The most magical time of the year is upon us, especially for those of us in the northern hemisphere where the coincides with the Winter Solstice, the shortest day of the year. So much of the symbolism of this season is based on Christmas being combined with major holiday in the northern hemisphere. There are several holidays, Yule/Solstice, Christmas, Hannukah that emphasize the light over coming the darkness.
In the northern hemisphere, that imagery merges nicely with the longest night of the year, the greatest darkness. I wonder how the celebration might have been different had the Church not tried to preempt the ancient holiday. Ever since, there has been a mingling of traditions. But a common theme is the coming of the light, the return of the light, light overcoming the darkness.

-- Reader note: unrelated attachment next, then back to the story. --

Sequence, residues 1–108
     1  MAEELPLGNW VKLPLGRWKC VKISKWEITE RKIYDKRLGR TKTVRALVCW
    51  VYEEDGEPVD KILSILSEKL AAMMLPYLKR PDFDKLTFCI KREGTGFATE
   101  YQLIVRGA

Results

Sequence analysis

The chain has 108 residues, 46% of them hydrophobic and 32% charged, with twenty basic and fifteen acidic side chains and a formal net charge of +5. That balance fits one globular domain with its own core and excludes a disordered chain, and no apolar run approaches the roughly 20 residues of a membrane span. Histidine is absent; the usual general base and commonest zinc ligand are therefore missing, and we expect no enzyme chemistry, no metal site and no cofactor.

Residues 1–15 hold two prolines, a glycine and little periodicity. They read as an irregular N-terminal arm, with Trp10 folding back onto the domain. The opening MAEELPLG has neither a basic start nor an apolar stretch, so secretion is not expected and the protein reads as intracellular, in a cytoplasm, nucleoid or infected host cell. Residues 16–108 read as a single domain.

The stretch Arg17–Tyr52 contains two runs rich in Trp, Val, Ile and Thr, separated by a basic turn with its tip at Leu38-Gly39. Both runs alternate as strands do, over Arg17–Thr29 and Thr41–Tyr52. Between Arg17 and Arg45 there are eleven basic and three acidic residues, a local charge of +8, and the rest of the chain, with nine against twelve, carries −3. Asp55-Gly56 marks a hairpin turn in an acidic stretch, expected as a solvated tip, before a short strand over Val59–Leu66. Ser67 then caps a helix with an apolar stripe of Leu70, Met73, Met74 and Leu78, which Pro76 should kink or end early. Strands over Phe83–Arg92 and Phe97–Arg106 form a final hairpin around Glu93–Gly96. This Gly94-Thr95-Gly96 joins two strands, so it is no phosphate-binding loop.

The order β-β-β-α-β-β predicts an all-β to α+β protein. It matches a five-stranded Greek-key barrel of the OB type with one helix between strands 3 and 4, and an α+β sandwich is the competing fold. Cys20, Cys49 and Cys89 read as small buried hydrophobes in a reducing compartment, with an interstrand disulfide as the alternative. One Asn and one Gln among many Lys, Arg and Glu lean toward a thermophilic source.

It has been an education for me this year to have friends in the southern hemisphere so that I am aware that a lot of the symbolism attached to the season doesn’t work as well there. At this time of year, they are having the longest days of the year, not the shortest nights. It is warm and even hot. And many of my friends there have never seen snow, let alone a “white Christmas.”
But wherever we live, we all experience the darkness of ignorance, selfishness, cruelty. We all know all too well the need for a return of the light. It is important for all of us to let our light shine in the darkness until a new day truly dawns.